Financial Statements Introduction

Financial Statements Introduction - Overview Financial...

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Overview – Financial Statements University of Alabama at Birmingham CE 395 Summer 2005 All managers, investors and employees require financial information to evaluate company performance and prospects for the future. Standard practices for financial accounting, referred to as generally accepted accounting practices [GAAP], have long been established and legal requirements for reporting information depend on the type and size of company. Accounting information can be defined in many ways, but it is typical to generally discuss accounting information in two categories: Financial Accounting and Managerial Accounting. Financial Accounting: Financial accounting information is reported in statements that are useful for people who are "outside" or external to the organization such as shareholders, creditors, government agencies, etc. In the sense that management uses the Financial Accounting reports to plan business activities and strategy, Financial Accounting and Managerial Accounting overlap. Certainly management must be very much in tune with the content of the Financial Accounting reports and how they compare with the competition. Managerial Accounting: Managerial Accounting information includes both historical and projected or estimated future costs and revenues used to plan daily operations, future operations and future strategic plans and strategies. All corporate business plans incorporate projected Management Accounting financial information. Management Accounting reports need not be prepared according to generally accepted accounting principles. They are prepared based on the varying needs of the management team. Management accounting reports incorporate objectives measures of past operations and necessarily subjective estimates of future events. Using subjective information based on market intelligence, research, design innovations, etc. allows the management team to identify future business opportunities. Managerial accounting reports may be provided periodically, as with financial accounting, or at any time management needs information. For example, if senior management is deciding on a new plant or plant expansion, a managerial accounting report can be developed in a format and within a time frame to assist management in the decision. One of the most useful features of Managerial Accounting reports is that they can be prepared for the entire business entity or a segment of the entity, such as a 1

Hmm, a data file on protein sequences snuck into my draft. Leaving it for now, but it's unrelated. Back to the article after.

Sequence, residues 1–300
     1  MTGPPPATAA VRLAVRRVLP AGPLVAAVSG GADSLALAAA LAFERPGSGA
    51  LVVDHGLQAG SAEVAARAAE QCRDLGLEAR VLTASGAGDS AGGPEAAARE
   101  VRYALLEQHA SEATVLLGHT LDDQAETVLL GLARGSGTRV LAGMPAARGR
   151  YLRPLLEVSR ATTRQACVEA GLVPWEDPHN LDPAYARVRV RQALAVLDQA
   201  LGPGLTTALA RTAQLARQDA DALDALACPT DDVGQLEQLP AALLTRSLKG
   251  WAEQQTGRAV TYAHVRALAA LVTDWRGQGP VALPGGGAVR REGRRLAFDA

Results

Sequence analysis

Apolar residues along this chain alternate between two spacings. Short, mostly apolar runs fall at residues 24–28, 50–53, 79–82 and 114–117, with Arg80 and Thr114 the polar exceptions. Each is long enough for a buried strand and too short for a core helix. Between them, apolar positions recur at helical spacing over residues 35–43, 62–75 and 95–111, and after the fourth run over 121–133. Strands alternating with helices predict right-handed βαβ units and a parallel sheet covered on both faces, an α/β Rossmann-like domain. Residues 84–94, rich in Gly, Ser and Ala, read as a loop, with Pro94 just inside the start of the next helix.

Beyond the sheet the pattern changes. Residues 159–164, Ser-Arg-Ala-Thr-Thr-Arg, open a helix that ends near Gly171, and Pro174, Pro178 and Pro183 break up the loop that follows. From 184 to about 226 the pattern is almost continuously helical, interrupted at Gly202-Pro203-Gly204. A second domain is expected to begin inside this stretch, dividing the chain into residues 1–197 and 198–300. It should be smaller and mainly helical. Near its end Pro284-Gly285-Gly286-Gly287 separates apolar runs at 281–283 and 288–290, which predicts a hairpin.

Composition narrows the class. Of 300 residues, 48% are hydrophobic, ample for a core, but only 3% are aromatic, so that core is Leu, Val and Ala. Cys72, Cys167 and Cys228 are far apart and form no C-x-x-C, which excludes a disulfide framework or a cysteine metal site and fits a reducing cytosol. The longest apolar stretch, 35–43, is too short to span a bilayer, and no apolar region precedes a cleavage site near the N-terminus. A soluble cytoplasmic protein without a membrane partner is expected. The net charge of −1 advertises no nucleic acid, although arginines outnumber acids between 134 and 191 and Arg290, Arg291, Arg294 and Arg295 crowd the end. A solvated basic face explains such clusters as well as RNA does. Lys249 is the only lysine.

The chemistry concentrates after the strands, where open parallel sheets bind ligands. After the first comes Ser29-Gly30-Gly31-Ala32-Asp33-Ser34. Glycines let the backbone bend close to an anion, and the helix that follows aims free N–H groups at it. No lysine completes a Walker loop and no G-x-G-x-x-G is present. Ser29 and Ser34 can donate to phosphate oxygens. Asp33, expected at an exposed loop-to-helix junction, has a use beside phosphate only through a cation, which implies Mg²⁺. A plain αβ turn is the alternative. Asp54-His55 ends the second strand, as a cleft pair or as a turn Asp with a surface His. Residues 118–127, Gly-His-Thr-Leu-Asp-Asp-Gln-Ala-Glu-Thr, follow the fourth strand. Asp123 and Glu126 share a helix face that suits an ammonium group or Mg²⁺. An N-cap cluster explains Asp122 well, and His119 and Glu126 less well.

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division, product, project, or territory. This attribute becomes particularly important as individual division heads are either required their division as a profit center or some other variation of cost versus profit measure. Much of the Engineering Economics analysis work done within companies relies on information found in the Managerial Accounting reports because so much of the outcome depends on uncertain future projected costs and benefits. Nevertheless, it is important for all business managers to appreciation the basics of the Financial Accounting reports. Regardless of the type or size of company, investors and managers utilize three types of financial
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This note was uploaded on 09/26/2008 for the course CE 395 taught by Professor Hitchcock during the Summer '05 term at University of Alabama at Birmingham.

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Financial Statements Introduction - Overview Financial...

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